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Like Chaff in the Wind (The Graham Saga Book 2) Kindle Edition
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I liked how, now and then, Alex is able to get a hopeful message to the 21st century. With various time portals available to her, she sometimes see's her family that she's left behind in 2002, and they can see her as well. Still she has no way of knowing if she's dreaming or if it's a wishful thought from her homesickness when this happens to her. And if true, she has no way of knowing if her verbal messages have successfully been heard or intercepted. Once these portals open, they come alive and try to take her into them with a great force. Alex is learning and figuring out the mystery and danger behind these time portals. While on her long journey to rescue Matthew, she experiences "thoughts" and "feelings" (psychic visions??) of Matthew and the hell he's in. And they each are so connected to each other that they're both able to draw strength and hope from the other.
This author has an excellent talent of conveying the enormous love and devotion that Matthew and Alex hold for each other. A perfect knack of relaying the velocity of their devotion. And the barriers that they each must overcome once Matthew is rescued are profound. So much has happened --- so much has changed within Matthew because of the hell he lives through. So much has been destroyed within him and he is faced with tremendous bitterness and rage at the injustice of it all. His anger towards the person(s) who contrived to have him abducted causes a deep resentment to grow; forcing Matthew to stop and think and deal with the possible repercussions should he take his revenge. Through everything that Matthew goes through, he comes out of it no longer able to forgive his enemy. Even though he's a God fearing man and holds his faith dear...he begins to nurture his hate that is overtaking his soul, vowing to get his revenge.
I loved this second installment. It drags a little bit with the hell that Matthew and Alex are experiencing and how they face each other's changed life. The point was pounded home with perfect precision...but I understood (while reading) that it was necessary for this author to convey the enormous hellish injustices that have been dumped over and over again on these two people. It wasn't overplayed...it was necessary. And yes...this story DID remind me now and then of the original Outlander. The journey to the West Indies; being indentured; scarred back from whippings; apothecary visits etc. It was sort of like Ms. Belfrage used OUTLANDER as a guide for her storytelling...taking a few scenes from that fabulous saga and then changes it up a bit. Even so, I loved this story enough to continue onto the third installment. Ms. Belfrage perfectly reiterates past events from book #1 bringing any new readers up to date. This second installment could stand alone....but why miss out on the time-traveling adventure and suspense of the first installment? Without reading the first installment A Rip in the Veil (The Graham Saga Book 1), you miss the beginning of this brilliant story.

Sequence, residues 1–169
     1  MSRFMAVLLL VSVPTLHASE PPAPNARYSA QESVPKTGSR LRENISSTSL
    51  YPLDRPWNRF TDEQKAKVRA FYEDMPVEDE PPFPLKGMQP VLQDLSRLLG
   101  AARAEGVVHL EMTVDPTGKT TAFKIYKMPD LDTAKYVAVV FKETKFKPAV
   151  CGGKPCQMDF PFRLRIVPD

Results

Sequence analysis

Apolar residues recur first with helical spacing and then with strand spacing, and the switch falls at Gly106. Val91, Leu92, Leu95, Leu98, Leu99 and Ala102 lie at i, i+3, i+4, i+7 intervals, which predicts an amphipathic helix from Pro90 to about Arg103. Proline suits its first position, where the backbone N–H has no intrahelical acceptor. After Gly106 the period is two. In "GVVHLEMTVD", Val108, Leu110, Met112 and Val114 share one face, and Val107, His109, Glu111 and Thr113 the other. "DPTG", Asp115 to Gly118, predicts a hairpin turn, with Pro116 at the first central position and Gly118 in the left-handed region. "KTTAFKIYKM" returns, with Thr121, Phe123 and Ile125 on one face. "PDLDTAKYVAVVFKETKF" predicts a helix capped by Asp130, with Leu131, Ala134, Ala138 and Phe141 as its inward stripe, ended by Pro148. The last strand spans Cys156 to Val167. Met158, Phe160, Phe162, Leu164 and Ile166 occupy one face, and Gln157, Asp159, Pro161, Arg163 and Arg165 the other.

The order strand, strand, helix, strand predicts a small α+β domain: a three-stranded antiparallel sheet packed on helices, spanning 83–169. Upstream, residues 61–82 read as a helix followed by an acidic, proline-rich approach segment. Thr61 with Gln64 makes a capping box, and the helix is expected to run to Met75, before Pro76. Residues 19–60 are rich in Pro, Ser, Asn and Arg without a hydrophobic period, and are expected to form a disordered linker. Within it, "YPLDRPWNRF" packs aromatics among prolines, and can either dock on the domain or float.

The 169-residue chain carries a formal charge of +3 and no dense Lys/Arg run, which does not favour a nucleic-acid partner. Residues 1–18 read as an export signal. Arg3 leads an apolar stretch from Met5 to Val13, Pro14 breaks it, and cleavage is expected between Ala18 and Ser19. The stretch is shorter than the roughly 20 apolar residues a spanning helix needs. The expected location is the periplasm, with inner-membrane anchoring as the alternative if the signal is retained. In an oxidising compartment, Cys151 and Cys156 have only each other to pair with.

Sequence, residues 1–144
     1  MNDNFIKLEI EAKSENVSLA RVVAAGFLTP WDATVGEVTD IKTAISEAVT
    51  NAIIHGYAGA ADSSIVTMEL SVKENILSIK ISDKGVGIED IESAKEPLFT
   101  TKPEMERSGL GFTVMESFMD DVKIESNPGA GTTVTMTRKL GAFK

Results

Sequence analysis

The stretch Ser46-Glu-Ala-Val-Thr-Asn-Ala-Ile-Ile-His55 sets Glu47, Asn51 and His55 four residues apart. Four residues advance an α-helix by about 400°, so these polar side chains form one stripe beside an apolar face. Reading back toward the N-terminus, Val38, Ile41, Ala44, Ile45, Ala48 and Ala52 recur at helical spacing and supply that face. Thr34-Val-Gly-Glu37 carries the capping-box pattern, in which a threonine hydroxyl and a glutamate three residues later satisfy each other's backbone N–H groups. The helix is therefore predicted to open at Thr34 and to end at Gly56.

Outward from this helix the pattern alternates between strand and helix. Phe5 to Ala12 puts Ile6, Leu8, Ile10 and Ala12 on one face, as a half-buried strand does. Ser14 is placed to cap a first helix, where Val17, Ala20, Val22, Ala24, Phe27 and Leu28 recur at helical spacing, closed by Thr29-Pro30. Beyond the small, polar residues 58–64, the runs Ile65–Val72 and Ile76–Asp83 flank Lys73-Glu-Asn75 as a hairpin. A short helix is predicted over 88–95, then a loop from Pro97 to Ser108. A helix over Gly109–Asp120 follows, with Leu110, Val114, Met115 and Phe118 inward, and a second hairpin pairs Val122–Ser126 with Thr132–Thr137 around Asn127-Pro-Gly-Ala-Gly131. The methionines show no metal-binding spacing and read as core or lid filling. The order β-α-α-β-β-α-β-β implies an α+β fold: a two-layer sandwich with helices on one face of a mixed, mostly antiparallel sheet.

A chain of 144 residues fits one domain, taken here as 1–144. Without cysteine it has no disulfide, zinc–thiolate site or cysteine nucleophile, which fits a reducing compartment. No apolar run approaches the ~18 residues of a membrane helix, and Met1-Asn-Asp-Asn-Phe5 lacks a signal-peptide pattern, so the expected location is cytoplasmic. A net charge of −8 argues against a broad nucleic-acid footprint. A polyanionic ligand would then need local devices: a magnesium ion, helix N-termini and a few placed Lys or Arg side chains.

The 2nd thing that really aggravated me is the number of times Mathew suffers grievous injury due to his psychotic / sociopath brother Luke, and in the course of a life & death battle decides to spare his life. Being kidnapped & shipped off as an indentured servant / basically a death sentence given the conditions, beating Alex to the point of making her miscarry, & various attempts on their lives all traced back to Luke. Then instead of killing him he permanently & grotesquely disfigures Luke's face by cutting off his nose. So take an already vicious & ruthless psychopath & do something that will only embitter him further, while removing none of his ability to seek retribution. At times Mathew is so bone headed I wonder if he got dropped on his head as a ween, lol.
It's still a very well written book & hugely entertaining. It is lovely to see the interplay of the midwife from the first book, be her companion & good friend / travel partner to journey to America to attempt to find Mathew & buy back his indenture. Also having her son pop back through time where she can see him once more.
Halfway through chapter one, I knew I was in for as exciting a read as in book one, and for the coming days it was all I could do to lay the book aside for such minor irritants as work and household chores, so eager was I to return to the world of Alex and Matthew, Ms Belfrage’s vivid – and very human – main characters.
The dialogue is great, the descriptions evoque smells and sounds, and sometimes it feels as if I’m watching a movie in my head. Historical detail is inserted skillfully, there are a number of endearing cameo characters ( I love Mrs Gordon) and in general the language is very enjoyable – at times even poetic. The story as such is fastpaced, with twists and turns that kept me glued to the book, and yet despite all this action this book is mostly about love, the enduring kind of love that has Alex traipsing halfway round the world in search of her man. I guess I’m a sucker for that kind of story, because with Matthew and Alex Ms Belfrage has created a couple that has me totally hooked. I like how they interact, how they love and fight, I love the honesty between them and how vulnerable they dare to be with each other.
It was with relief I discovered the next Matthew and Alex book is due this summer. I for one can’t wait to find out what happens next!